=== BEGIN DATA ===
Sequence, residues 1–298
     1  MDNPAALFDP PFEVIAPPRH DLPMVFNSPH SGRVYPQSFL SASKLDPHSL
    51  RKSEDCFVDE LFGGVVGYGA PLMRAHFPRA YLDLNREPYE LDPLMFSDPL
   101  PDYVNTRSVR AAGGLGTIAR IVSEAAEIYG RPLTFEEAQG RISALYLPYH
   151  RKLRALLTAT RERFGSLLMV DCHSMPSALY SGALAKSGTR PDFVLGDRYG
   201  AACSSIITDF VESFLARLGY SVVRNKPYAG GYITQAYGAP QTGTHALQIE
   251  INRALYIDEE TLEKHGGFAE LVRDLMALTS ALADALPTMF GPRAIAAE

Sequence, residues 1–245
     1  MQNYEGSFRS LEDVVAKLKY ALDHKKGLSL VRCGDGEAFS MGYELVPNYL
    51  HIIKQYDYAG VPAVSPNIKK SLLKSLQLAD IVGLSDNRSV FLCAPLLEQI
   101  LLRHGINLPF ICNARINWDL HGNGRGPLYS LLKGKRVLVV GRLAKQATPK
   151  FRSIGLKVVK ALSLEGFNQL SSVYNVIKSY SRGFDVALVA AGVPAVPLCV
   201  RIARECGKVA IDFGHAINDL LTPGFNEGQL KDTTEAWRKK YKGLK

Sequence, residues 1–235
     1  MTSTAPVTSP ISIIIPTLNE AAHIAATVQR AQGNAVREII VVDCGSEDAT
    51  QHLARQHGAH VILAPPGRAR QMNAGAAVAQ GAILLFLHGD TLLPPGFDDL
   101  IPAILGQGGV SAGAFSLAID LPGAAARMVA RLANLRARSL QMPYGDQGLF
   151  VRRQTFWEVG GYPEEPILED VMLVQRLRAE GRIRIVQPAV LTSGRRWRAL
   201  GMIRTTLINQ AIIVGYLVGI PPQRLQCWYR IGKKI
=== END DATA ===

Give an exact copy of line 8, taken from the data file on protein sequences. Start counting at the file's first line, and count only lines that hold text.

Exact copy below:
Sequence, residues 1–245